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The Oak Foundation U.S.A.


Last Updated: 2016-07-17

At A Glance

The Oak Foundation U.S.A.

55 Vilcom Center Dr., Ste. 340

Chapel Hill, NC United States 27514-1690


Type of Grantmaker

Independent foundation

Additional Descriptor

Financial Data

(yr. ended 2014-12-31)

Assets: $47,556,882

Total giving: $27,562,774



Additional Contact Information

Additional e-mail (Geneva office):

Related Organizations


Established in 1986 in DE - The resources of the Oak Foundation originated from an interest in the Duty Free Shoppers business which Alan M. Parker helped to build up. The foundation was reorganized in 1998 and has offices throughout the world, with the main office in Geneva, Switzerland.

Purpose and Activities

The foundation's giving priorities include child abuse, the environment, especially climate change and marine conservation, human rights, issues affecting women, housing and homelessness, learning differences and special interest grants. .

Program Area(s)

The grantmaker has identified the following area(s) of interest:

Child Abuse

The foundation envisions a world where all children are protected from sexual abuse and sexual exploitation. The program works to achieve this goal by catalyzing stakeholders, including children, to improve practice, influence policy and increase funding to address the sexual abuse and sexual exploitation of children. The program supports initiatives that: directly address sexual abuse and sexual exploitation; and/or diminish other forms of abuse and violence that are related to or impact upon sexual abuse and sexual exploitation. The program funds key actors in Eastern Africa, Eastern Europe and Switzerland as well as key international civil society organizations. The program has a particular interest in promoting and supporting learning from the work of partners. This is done through the identification of learning opportunities within our existing partnerships as well as through new partnerships specifically designed to drive learning forward across the sector. Its current priority countries are: Switzerland, Bulgaria, Latvia, Moldova, Ethiopia, Uganda and Tanzania. Its current priority areas are: 1) to eliminate the sexual exploitation of children in all its forms; and 2) to make the positive engagement of men and boys a driving force in the elimination of the sexual abuse of children.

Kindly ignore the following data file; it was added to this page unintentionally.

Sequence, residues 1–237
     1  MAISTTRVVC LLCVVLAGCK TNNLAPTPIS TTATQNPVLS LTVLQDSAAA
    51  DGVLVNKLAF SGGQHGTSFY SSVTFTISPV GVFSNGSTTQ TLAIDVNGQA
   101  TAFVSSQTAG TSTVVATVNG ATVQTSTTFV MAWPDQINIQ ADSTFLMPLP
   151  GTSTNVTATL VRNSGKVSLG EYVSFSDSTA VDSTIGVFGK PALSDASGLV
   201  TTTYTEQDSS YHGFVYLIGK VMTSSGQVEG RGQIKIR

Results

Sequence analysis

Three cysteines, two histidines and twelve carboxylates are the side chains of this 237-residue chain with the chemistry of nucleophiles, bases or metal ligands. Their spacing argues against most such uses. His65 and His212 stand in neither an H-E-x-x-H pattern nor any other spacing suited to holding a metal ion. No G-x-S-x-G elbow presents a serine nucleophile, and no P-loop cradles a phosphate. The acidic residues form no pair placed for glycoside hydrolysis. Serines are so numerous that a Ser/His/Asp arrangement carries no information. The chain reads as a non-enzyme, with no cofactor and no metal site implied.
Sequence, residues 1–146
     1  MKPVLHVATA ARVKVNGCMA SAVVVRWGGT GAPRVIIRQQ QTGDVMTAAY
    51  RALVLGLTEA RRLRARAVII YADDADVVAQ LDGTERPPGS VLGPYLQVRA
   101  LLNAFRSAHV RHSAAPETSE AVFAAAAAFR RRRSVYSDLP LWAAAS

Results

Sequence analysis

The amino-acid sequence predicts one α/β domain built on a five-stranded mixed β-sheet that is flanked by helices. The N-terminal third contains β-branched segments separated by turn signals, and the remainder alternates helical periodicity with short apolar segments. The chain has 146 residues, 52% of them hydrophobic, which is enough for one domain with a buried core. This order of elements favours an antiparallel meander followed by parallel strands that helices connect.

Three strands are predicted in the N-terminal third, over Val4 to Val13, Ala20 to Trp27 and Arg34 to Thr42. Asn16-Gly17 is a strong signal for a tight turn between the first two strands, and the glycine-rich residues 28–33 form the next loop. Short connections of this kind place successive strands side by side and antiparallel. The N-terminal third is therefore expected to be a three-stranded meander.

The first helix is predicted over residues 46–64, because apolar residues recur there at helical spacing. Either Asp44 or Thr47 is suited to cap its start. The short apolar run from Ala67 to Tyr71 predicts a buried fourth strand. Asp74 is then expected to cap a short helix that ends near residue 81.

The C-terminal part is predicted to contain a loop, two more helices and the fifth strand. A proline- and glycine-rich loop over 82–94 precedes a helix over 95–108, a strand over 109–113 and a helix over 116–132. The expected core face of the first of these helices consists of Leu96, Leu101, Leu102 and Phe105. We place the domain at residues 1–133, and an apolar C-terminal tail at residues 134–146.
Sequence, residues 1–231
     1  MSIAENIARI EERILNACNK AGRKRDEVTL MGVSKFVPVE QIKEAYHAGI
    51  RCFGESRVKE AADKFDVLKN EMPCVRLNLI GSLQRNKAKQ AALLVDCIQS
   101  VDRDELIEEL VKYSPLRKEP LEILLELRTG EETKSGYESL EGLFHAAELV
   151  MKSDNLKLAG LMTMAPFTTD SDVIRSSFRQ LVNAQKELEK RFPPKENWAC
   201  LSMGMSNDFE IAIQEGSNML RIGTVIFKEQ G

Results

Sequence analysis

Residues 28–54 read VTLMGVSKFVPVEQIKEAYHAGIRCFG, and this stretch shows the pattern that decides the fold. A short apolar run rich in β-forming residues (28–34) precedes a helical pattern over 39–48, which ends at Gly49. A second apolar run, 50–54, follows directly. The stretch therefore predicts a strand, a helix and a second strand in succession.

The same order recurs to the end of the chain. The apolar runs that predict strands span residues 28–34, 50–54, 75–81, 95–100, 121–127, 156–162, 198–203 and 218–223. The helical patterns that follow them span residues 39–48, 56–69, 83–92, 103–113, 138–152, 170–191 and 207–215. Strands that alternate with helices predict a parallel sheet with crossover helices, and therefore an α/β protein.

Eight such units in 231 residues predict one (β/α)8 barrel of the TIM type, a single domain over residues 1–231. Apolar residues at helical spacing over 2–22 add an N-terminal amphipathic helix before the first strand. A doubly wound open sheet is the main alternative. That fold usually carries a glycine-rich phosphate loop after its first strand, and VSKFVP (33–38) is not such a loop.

The program addresses global climate change mitigation and conservation of marine resources. The two main goals are: 1) to protect the global commons – the atmosphere and the oceans – by contributing to the development of responsible global and local governance mechanisms; and 2) to catalyze transformational changes in the way the global commons are perceived, exploited and cared for, resulting in a more socially and environmentally sustainable society. Through its grant making, the program aims to encourage the achievement of a zero-carbon global economy and the recovery of marine species and habitats. It has a special focus on climate change in Europe, North America (Canada and the US) and India. With respect to marine conservation, it focuses especially on Europe, the North Pacific, the Arctic and the Mesoamerican Reef system.

Housing and Homelessness

The program works to prevent homelessness and social and economic marginalization. It focuses on preventing homelessness through sustainable solutions that improve the economic and social well-being of the most marginalized youth, adults, and families. The program has three priorities: 1) Economic self-sufficiency to: equip homeless people and those who are at risk of homelessness, with the skills and support that will lead to their long-term economic stability; and contribute to projects that overcome barriers to employment and economic stability; 2) Increasing the supply of affordable housing and housing opportunity to: provide seed funding to facilitate affordable housing development and the preservation of existing affordable housing; and 3) Homeless prevention to: prevent homelessness among identified vulnerable groups and in regional “hot spots” from which it originates; and facilitate support and advocacy for individuals and families facing housing crisis. All three areas may include systems change objectives executed at a national or local level. These may take the form of securing mainstream statutory funding for a proven new solution, removing structural and cultural barriers which hamper individual success or changing the way a service is delivered. Systems change initiatives may be aimed at governments or the not-forprofit sector. The program’s geographic focus is currently on: Boston, New York and Philadelphia in the United States; London, Belfast, South Wales and Glasgow in the United Kingdom; and Ranchi and Kolkata in India. Projects which have national impact in the US and the UK are also funded.